Closer Look at Intel SSD 520 Series
Whatever Intel has to say about how new and exclusive the SSD 520 is, it is just yet another SF-2281 based drive in the first place. We’ve seen a lot of such products already and do not believe that Intel has got something extraordinary up the sleeve. There are a dozen SSD models that have the same controller and flash memory.
Of course, this one differs visually. Intel traditionally designs its SSDs in a metallic case that has a reduced height of 7 millimeters. To make the drive compatible with the standard form-factor (that has a height of 9.5 millimeters), there is a plastic frame around its perimeter.
We didn’t find anything special inside the Intel SSD.
The black pad on the inside of the case (it is pressed against the controller chip when the SSD is assembled) is not some thermal interface but just a piece of rubber that helps to firmly hold the PCB in place inside the drive. The PCB doesn’t follow the reference design but all of its components are standard for high-performance second-generation SandForce-based products.
You can see the internals of the 240-gigabyte Intel SSD in the photo. There is an SF-2281 controller and 16 flash memory chips there. The flash memory is manufactured by Intel, of course. Each chip is 128 Gb in capacity, contains two 25nm dies and has synchronous ONFI 2.2 interface. By the way, this is not the latest generation of such chips. Intel has already started to produce 20nm dies of fourth-generation flash memory but they are going to be used no sooner than the next wave of SSDs which is expected in the second half of this year.
That said, Intel has managed to make the most of the time it took the SSD 520 drive to reach the market, so the resulting product is indeed special. This is indicated by its specs as compared, for example, with the specs of the OCZ Vertex 3 which has the same hardware (we compare 240 GB models).
Oddly enough, the Intel SSD 520 does not win the comparison since its specified speed of processing small data blocks is lower. Well, we know that makers of SandForce-based SSDs are not very accurate when it comes to their product specifications, but the point is that the Intel SSD 520 drive has exclusive firmware which is different from the reference firmware that SandForce provides to the rest of its partners. The key firmware feature – compression of data written to flash memory – has of course remained intact but some algorithms (for example, for error correction) have been revised especially for the Intel solution.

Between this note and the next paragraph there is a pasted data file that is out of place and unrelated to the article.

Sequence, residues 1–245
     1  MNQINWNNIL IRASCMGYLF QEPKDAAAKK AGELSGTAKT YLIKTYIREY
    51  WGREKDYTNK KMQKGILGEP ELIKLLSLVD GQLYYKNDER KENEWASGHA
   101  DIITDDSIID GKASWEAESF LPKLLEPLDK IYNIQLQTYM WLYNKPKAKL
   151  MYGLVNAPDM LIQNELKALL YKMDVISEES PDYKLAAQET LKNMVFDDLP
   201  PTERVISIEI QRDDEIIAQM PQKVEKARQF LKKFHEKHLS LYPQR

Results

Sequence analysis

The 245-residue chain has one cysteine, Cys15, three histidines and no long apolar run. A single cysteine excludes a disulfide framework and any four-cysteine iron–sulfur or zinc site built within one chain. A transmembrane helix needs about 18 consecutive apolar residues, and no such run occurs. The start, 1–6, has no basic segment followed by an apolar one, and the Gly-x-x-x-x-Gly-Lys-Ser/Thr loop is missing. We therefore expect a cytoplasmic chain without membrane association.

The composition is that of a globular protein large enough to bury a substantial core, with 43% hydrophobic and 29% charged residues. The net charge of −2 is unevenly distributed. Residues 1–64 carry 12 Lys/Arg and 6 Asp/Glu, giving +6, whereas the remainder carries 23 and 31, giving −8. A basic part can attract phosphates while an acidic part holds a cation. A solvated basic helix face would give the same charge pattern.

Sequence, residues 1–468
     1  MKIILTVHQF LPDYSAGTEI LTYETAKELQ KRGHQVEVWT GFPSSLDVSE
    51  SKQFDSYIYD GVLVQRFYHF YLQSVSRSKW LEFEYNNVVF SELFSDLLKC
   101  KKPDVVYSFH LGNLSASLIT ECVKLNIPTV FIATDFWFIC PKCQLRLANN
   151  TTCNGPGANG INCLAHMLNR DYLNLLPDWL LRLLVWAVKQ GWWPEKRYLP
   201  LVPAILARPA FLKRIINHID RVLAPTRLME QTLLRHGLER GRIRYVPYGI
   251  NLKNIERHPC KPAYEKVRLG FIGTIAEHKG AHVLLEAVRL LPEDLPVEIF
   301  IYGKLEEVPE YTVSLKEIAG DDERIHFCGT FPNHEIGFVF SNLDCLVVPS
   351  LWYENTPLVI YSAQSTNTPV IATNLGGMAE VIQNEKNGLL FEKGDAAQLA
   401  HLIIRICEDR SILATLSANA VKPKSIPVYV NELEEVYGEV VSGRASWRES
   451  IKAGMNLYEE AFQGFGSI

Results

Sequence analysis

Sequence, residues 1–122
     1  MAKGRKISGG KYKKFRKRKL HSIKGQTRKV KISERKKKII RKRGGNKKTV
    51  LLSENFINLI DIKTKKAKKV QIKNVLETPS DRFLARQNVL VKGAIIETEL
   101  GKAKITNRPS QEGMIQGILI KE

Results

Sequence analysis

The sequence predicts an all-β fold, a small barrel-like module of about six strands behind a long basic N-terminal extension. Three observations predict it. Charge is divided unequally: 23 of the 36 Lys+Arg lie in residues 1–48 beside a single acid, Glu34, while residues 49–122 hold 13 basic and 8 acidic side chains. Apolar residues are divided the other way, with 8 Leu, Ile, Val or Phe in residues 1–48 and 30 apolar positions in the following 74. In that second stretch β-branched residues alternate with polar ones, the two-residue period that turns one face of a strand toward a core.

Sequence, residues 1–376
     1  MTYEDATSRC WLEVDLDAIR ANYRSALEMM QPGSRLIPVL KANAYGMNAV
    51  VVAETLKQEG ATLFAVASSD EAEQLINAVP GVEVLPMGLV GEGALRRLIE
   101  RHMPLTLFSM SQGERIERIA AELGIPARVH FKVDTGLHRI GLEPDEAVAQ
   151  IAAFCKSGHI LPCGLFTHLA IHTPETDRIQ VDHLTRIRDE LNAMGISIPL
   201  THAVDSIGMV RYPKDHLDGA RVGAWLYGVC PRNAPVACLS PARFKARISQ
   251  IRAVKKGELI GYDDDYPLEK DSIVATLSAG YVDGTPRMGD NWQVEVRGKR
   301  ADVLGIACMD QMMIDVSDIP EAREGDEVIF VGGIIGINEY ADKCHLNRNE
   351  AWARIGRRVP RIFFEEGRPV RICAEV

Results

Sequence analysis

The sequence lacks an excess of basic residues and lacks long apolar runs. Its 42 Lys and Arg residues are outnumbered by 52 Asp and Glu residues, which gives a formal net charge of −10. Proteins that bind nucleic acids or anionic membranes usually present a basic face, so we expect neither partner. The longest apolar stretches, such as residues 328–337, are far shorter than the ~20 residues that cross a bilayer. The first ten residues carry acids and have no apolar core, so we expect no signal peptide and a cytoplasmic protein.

We will see shortly what it means from the performance aspect. Right now let’s check out the box contents. The Intel SSD 520 drive comes to shops in a colorful cardboard box designed alike to Intel’s earlier SSD products.
There is a minimum of technical information on the box but the 5-year warranty is mentioned. Besides the SSD proper, we can see a user manual, a disc with software, an adapter for installing a 2.5-inch SSD into a 3.5-inch bay, SATA and power cables, and mounting screws.
Besides the exclusive firmware, Intel provides its very own SSD Toolbox utility which is perhaps the most user-friendly and practical tool of its kind.
Besides viewing diverse diagnostic information and providing firmware update functionality, SSD Toolbox can perform TRIM and Secure Erase commands and optimize your OS for the SSD. It can even show you S.M.A.R.T. information for SSDs combined into RAIDs.
The Intel SSD 520 series is comprised of five models that range in capacity from 60 to 480 gigabytes.
As for the price factor, Intel wasn't ashamed to make its SSDs more expensive than competitors, relying on its recognized brand, longer warranty and overall positive karma. The average price per gigabyte of storage is about $2.1 with the Intel SSD 520 series but only $1.6-1.7 with competitor products.
Is it really worth the extra money? Let's check this out by benchmarking the 240 GB model Intel provided us to test. By the way, it is specified to be the fastest model in the series along with its 180 GB cousin.